INTRODUCTION TO RPA
The computing industry has evolved from mainframe computers that physically took up entire buildings, to the microprocessor in the 1970s, to present-day smartphones and tablets that have more processing power than mainframe computers ever had. This evolution introduces more opportunities to automate our daily tasks and workflow, examples of which we have seen throughout history: automated software testing and deployments, sending emails and message routing, voice command software (e.g., Amazon Alexa, Google Assistant, and Siri), the list is endless. RPA is a current trend and is being viewed in the information technology (IT) industry as the next step in the evolution of automation.
WHAT IS RPA?
RPA is the process of automating tasks or workflows that don’t require inference or insight, eliminating simpler types of tasks from humans. These tasks are responsibilities that can be performed through business rules or codified logic and are usually represented as scripts or “bots.” RPA is being widely integrated across many different business applications and problems, unbeknownst to many of us. Any task that can be automated with business logic or a programming language can be considered an application of RPA.
What is new for many organizations is how RPA is transforming enterprises with the integration of artificial intelligence (AI). AI is the ability for computer programs to complete tasks that normally require cognitive or human intelligence. Speech recognition, automatic photo recognition, and advanced decision making are all examples of AI. The integration of RPA and AI introduces powerful possibilities to solve complex business problems. For example, an AI application can be built to recognize people and objects in photos (e.g., facial recognition, and object detection) and integrated with a RPA process that will automatically send notifications to users when an object or person is identified. AI can provide complex and detailed analyses to make business decisions, and RPA can be the facilitator that sends decision outcomes to recipients and users.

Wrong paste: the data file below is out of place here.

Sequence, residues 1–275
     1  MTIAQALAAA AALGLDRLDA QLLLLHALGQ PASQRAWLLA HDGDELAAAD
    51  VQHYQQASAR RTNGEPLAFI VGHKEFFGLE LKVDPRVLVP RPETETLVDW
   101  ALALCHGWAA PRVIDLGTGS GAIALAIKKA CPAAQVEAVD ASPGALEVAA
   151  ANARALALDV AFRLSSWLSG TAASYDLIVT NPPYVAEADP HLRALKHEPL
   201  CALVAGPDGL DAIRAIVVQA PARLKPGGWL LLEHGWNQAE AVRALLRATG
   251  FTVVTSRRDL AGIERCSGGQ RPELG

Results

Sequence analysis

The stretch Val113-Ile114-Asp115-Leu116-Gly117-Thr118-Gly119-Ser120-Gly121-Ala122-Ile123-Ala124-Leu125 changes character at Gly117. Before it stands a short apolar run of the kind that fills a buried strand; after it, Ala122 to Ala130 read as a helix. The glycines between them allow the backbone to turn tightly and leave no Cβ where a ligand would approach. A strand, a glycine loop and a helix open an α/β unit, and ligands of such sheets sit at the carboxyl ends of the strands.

While the integration of RPA and AI can solve problems that require complex reasoning and analysis, RPA tasks can be implemented independently without AI and still have a broad impact on an organization. A prominent example is eliminating the need to groom or prepare data prior to data analysis or data ingestion. It’s an unfortunate fact that data analysts and scientists invest a lot of time preparing data into specific formats before more complex and interesting analysis can be performed. Ingestion of data across different formats, sizes, and types also requires a lot of data preparation and grooming before data enters a database or data platform. RPA can be leveraged to automate these tasks altogether, freeing up analysts, workflow managers, data scientists, and software developers from this type of uninteresting and monotonous work.
RPA adoption and integration can be applied across many federal and commercial practices. While not inclusive of all industries or problem spaces, examples of where RPA could have significant impact include banking and insurance, regulatory industries and organizations (e.g., the Securities Exchange Commission, and the Consumer Financial Protection Bureau), security (e.g., Authority to Operate [ATO] documentation and process automation), acquisitions (e.g., IT Acquisition Review), and patent examination and review (e.g., the US Patent & Trademark Office).
Labor savings on data entry and analysis tasks – RPA removes the need for analysts to perform time-intensive data grooming and preparation tasks, which results in labor savings while also enabling analysts to focus on more critical or urgent workflows and analyses.
Reduction in workload – RPA can perform simple tasks, enabling staff in an organization to focus on complex problems and decision making, ultimately reducing their workload and stress, and providing a better work experience.
Accuracy and quality – minimize workflow errors and improve accuracy rates.
Improved compliance – data governance and other types of compliance (e.g., regulatory and financial) can be enforced through RPA.
Flexibility and reusability – RPA components are reusable and more modular than standard macros and scripts. RPA applications can also be reused across an organization and its business units, providing scalability and reuse across an enterprise.
When assessing if RPA is a good candidate for your organization, it’s important to first understand the problems your organization is trying to solve. There are many products in the market that are focused on RPA, but there is not a “one-size-fits-all” product or model in the industry for complete RPA implementation. Implementing RPA solutions requires detailed analysis into requirements, workflow management, and the data within an organization. Once RPA solutions are implemented and scaled across the enterprise or within a small business unit, your workforce will immediately see the long-term benefits and a more focused and leaner workflow.
EGT Labs is prototyping RPA and AI solutions, and our thought leaders have already developed solutions available for many different types of challenges, including automated cloud deployments and migrations, and complete DevOps and development workflow automation.
Contact us at firstname.lastname@example.org to find out how you can leverage RPA and AI at your agency!
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